Comments relating to an experience with an ADSL service in a country district outside an urban area
Even a country district outside of a well-serviced metropolitan area can suffer limitations with communications. This can happen where you have “green wedges”, farming districts (e.g. wine districts at Yarra Valley or Rosebud) or “beauty districts” (e.g. The Dandenong Ranges in Melbourne or the Blue Mountains in Sydney) located on the edge of or as “pockets” in a metropolitan area and many small communities exist through these areas.
Take Yarra Glen, which is located in the Yarra Valley Wine District outside of Melbourne, for example. You could get the radio and TV programmes receivable in the Melbourne metropolitan area very easily but you can end up with a telephone system that is allowed to “go rotten”.
This was exemplified when I saw a friend of mine who was living in the town and she had trouble with her ADSL Internet service. She had an ADSL modem but it appeared that there was no ADSL signal after she had the service for a few years. The service provider suggested that she try out another modem and she bought a wireless ADSL router and this unit wouldn’t show the existence of ADSL service.
After many troubleshooting hours on the telephone to the service provider and the wireless router’s manufacturer, we found that the telephone infrastructure had “gone rotten” as far as proper ADSL service was concerned. The service provider had come back with information that a lot of repair work needed to be done at the exchange (where the DSLAM was) and at a lot of wiring points between the exchange and her location. This then allowed the router to register proper service and the service had yielded significant improvement since the repairs were done.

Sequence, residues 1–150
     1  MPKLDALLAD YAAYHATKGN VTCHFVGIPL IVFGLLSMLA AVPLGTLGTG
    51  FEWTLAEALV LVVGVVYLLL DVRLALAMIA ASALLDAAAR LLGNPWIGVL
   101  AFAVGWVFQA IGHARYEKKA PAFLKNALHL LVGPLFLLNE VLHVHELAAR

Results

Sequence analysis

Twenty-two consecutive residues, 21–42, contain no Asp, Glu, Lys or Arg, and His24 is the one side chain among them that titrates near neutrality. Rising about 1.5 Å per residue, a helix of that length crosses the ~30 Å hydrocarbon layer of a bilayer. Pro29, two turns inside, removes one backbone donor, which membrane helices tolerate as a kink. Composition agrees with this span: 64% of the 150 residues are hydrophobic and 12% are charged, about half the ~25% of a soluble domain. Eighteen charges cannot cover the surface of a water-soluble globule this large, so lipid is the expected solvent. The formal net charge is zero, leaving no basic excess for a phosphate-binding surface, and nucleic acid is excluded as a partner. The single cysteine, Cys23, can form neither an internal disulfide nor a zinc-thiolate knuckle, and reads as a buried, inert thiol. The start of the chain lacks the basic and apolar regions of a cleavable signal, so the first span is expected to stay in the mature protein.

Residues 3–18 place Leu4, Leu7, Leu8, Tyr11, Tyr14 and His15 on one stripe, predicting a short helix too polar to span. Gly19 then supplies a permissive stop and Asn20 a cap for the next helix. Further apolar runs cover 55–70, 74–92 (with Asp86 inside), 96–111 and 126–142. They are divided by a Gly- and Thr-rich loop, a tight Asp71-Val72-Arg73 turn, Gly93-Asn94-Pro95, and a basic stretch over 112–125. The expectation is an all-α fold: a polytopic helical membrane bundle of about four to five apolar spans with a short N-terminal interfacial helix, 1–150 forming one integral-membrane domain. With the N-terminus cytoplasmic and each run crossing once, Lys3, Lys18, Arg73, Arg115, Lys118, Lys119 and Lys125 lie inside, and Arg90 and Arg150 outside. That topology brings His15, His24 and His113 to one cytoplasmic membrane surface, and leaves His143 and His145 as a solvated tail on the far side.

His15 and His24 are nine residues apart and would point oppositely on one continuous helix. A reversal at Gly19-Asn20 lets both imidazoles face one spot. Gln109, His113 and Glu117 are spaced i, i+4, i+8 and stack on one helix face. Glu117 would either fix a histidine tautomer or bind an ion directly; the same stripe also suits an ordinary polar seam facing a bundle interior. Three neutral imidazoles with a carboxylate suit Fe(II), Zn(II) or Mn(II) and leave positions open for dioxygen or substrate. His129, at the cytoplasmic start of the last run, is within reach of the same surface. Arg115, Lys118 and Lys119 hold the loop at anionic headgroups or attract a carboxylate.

I have been following the issue of country areas being set up with decent-standard broadband service and even hamlets, villages and small towns that exist outside a metropolitan area need to be considered.
Comments and notes on the Havelland VDSL deployment
This VDSL2 deployment is taking place in the Brandenburg-Land (German Federal State) outside the Berlin metropolitan area. For Australian readers, this may be similar to a deployment that takes place in a state like South Australia but isn’t servicing the Adelaide metropolitan area. It is in the Havelland district which is between Brandenburg town and west of the Berlin metropolitan area.
There are two main deployments in this area – one in Seeburg which will have a fibre backbone and one covering Elstal (Wustermark) and Falkirk which will have a radio backbone. Each deployment will use the VDSL2 technology to bring the next-generation broadband to the customer’s door and this technology has been valued due to less need to lay out new infrastructure to the door.
DNS:NET, who are behind this project, are working on extending its next-generation broadband infrastructure to bring this calibre of service to the small Brandenburg communities.
The reason I was citing the Yarra Glen poor-quality ADSL incident is that small communities that exist just outside major urban areas are at risk of being neglected when it comes to providing proper broadband service. I was citing this in conjunction to the Havelland VDSL deployments because DNS:NET were working on small communities outside the Berlin and Brandenburg conurbation by making sure they have real next-generation broadband service.
It also caters for the reality that as urban sprawl occurs, these communities will end up becoming part of that urban area and their transport and communication infrastructure needs to be taken care of.